Those skilled in the art will recognize that various slave Bluetooth devices shown in the above exemplary embodiments are provided for illustrative purpose. In general, they can be any types of electronic devices equipped with the Bluetooth capability, including (but not limited to) pagers, modems, PDAs, PocketPCs, laptops, and other wireless communications means known in the art.

The wireless communications system according to the present invention may further include a controller for performing capacity management, as illustrated by controller 125, 225, or 425 in the above exemplary embodiments. Working together with the application server of the corresponding LAN, the controller enables dynamic RF routing/filtering to be performed at the main unit, expansion units and/or remote units, such that a particular group of downlink RF signals (e.g., the downlink RF signals transmitted from a specific M-BTAP or WLAN AP in the back-end) is directed to one or more designated remote units. And the uplink signals from the designated remote units are accordingly routed to the specific M-BTAP or WLAN AP. This allows RF-reuse among the remote units, thereby increasing the number of slave Bluetooth devices that can be supported in the front-end.

In the aforementioned embodiments (and many alternative embodiments according to the present invention), the employment of a distributed antenna system provides an effective and scalable way of extending the range of Bluetooth or WLAN access points. And the coupling of various types of master Bluetooth access point modules with the distributed antenna system enables Bluetooth access points to be wirelessly deployed in the front-end of the system, at locations desired in practical applications. And the WPANs thus created (in overlapping and/or non-overlapping forms) greatly enhance the Bluetooth coverage and thereby increase the system performance. As such, the present invention provides a simplified and easily scalable Bluetooth coverage infrastructure, allows pooling the resources of Bluetooth access points (or WLAN APs) for best performance/cost ratio and capacity management, and simplifies the provisioning in the front-end.

The wireless communications system of the present invention can be implemented in both indoor and outdoor environments, including (but not limited to) airports, malls, office buildings, tunnels, hotels, convention centers and sports arenas.

Those skilled in the art will recognize that the exemplary embodiments described above provide only several of many embodiments of wireless deployment of Bluetooth access points and creating WPANs thereof, according to the present invention. Those skilled in the art will also appreciate that various changes, substitutions, and alternations can be made herein without departing from the principle and the scope of the invention. Accordingly, a variety of location-positioning schemes and systems can be constructed in accordance with the principle of the present invention.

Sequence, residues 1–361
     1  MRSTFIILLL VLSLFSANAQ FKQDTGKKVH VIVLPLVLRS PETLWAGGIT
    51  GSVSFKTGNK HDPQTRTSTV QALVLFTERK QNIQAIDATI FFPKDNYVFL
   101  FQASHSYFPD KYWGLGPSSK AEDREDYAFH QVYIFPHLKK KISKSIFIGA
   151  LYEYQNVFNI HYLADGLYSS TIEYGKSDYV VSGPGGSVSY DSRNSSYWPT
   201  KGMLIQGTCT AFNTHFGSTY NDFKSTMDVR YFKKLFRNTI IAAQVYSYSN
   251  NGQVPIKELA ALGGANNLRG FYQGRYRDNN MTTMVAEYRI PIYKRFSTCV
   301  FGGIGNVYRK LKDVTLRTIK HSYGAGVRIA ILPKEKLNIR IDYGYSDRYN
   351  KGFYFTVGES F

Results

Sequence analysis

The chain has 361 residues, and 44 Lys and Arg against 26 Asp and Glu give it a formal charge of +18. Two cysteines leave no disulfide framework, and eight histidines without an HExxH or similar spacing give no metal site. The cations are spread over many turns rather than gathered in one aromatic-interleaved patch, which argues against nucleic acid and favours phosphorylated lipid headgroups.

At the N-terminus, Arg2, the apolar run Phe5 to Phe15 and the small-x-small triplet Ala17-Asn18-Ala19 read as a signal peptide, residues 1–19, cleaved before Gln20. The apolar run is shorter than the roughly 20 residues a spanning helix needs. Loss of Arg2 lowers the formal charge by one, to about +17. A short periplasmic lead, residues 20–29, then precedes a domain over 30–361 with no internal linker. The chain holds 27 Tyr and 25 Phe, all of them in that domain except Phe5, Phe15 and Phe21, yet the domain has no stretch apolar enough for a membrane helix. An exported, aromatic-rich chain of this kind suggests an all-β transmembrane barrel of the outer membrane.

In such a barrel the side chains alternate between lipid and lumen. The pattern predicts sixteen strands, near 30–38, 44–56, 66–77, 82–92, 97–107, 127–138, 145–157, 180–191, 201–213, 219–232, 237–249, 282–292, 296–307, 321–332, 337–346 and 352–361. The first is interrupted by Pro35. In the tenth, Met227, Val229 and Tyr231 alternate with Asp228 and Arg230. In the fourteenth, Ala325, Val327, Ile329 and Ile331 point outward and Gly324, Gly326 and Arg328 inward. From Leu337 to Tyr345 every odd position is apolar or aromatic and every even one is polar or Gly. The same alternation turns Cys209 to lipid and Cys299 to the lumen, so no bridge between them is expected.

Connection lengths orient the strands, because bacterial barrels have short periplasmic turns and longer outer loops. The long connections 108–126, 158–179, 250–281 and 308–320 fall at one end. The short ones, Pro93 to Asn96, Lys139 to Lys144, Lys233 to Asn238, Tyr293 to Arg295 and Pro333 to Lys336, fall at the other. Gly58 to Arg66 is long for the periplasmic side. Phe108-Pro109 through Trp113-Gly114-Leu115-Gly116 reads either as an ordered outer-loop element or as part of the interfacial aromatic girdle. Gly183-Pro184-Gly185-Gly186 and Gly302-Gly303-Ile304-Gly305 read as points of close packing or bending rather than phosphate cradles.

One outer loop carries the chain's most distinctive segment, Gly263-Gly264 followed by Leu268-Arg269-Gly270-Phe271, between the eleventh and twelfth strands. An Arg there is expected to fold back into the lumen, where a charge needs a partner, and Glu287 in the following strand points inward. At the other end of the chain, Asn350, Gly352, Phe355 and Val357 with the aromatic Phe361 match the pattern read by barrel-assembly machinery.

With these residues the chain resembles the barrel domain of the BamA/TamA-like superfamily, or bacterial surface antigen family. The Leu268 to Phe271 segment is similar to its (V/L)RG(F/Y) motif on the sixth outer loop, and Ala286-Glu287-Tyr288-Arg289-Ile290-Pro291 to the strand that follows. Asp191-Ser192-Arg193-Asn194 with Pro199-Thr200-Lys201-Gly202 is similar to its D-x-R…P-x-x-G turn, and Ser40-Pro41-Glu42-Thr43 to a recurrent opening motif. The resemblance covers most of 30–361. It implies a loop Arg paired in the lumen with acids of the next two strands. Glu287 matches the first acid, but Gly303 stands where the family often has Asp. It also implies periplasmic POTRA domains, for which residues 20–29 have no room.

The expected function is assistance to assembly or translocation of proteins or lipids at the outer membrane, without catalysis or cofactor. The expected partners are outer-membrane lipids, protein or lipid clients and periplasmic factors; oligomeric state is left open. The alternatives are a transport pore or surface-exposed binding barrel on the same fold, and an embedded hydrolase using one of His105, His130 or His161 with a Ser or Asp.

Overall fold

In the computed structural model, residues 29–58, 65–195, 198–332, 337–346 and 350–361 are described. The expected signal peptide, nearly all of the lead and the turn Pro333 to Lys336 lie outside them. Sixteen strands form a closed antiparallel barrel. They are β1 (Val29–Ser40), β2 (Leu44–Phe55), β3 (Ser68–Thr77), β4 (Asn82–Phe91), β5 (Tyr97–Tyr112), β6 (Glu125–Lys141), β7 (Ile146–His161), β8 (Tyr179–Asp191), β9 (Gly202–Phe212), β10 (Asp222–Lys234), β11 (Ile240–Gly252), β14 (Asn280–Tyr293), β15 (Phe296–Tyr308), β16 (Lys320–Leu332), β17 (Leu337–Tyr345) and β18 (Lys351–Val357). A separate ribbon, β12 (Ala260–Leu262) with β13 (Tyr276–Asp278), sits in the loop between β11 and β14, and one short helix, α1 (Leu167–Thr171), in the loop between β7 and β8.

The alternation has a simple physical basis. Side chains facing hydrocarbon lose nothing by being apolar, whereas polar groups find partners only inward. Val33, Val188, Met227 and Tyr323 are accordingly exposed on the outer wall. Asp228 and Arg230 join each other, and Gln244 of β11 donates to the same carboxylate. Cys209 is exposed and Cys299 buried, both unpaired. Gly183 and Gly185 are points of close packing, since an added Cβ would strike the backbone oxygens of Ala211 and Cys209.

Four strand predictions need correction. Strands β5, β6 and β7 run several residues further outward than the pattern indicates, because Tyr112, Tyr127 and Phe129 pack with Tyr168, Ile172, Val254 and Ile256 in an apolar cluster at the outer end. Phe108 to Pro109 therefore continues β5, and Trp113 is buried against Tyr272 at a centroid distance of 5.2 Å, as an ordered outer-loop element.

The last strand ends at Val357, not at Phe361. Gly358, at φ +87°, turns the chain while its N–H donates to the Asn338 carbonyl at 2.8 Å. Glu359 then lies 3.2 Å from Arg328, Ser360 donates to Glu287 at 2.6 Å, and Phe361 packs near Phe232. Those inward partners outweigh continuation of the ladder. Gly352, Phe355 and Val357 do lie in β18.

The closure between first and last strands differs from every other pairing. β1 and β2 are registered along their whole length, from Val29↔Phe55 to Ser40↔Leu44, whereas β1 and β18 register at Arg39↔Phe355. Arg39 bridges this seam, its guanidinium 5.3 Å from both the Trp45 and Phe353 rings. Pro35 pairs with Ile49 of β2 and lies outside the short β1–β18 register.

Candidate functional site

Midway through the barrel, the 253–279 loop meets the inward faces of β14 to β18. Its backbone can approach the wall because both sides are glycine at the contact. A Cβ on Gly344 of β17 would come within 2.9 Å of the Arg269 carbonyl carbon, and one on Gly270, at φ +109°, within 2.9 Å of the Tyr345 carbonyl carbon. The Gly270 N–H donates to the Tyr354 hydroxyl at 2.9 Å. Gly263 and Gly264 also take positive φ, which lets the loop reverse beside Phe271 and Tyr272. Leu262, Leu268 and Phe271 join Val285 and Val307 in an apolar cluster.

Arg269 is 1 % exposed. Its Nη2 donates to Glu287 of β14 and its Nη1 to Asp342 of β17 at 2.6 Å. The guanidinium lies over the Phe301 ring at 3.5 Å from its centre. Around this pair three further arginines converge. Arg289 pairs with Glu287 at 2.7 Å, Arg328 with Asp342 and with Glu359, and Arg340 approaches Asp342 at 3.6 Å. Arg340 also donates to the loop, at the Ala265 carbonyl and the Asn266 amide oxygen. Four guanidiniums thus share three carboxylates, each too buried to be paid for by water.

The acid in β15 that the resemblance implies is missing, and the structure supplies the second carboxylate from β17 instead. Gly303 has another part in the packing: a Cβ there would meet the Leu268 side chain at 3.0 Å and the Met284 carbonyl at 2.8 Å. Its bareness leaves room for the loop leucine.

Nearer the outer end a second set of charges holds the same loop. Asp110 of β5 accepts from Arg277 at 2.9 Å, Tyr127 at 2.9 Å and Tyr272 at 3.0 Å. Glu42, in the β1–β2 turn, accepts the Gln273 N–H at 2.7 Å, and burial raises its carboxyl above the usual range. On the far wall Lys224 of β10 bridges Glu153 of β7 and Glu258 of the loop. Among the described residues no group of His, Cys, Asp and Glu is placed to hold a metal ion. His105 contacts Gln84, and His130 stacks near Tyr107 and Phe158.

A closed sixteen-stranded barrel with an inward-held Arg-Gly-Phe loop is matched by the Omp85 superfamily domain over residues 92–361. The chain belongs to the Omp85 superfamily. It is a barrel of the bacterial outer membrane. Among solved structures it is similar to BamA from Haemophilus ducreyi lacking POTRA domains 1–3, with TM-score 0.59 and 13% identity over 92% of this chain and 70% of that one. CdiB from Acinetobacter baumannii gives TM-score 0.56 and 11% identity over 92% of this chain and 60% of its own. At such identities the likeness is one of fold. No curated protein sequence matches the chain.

For instance, existing PBX infrastructure can be advantageously exploited to provide a distributed antenna system according to the present invention. This can be accomplished by replacing telephones in a PBX network with remote units equipped with antennae, or enhancing the telephones with remote-unit capabilities and connecting multiple antennae to thus-created remote units. Such a modified PBX system coupled with master Bluetooth access point modules can be effectively used to provide a communications system according to the present invention in an indoor environment.

Although the present invention and its advantages have been described in detail, it should be understood that various changes, substitutions, and alternations can be made herein without departing from the principle and the scope of the invention. Accordingly, the scope of the present invention should be determined by the following claims and their legal equivalents.

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Classifications
U.S. Classification455/41.2, 455/562.1, 370/338
International ClassificationH04L12/28, H04L12/56
Cooperative ClassificationH04W84/12, H04W88/085
European ClassificationH04W88/08R
Legal Events
DateCodeEventDescription
Aug 9, 2012ASAssignment
Owner name: ADC TELECOMMUNICATIONS, INC., MINNESOTA
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Effective date: 20110926
Owner name: LGC WIRELESS, LLC, CALIFORNIA
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Feb 3, 2012FPAYFee payment
Year of fee payment: 8
May 14, 2010SULPSurcharge for late payment
Feb 1, 2008FPAYFee payment
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Mar 26, 2001ASAssignment
Owner name: LGC WIRELESS, INC., CALIFORNIA
Free format text: ASSIGNMENT OF ASSIGNORS INTEREST;ASSIGNORS:ENG, JIM;CHAN, CONWAY;YOUNG, ROBIN;REEL/FRAME:011643/0421
Effective date: 20010323
Owner name: LGC WIRELESS, INC. 2540 JUNCTION AVENUESAN JOSE, C
Free format text: ASSIGNMENT OF ASSIGNORS INTEREST;ASSIGNORS:ENG, JIM /AR;REEL/FRAME:011643/0421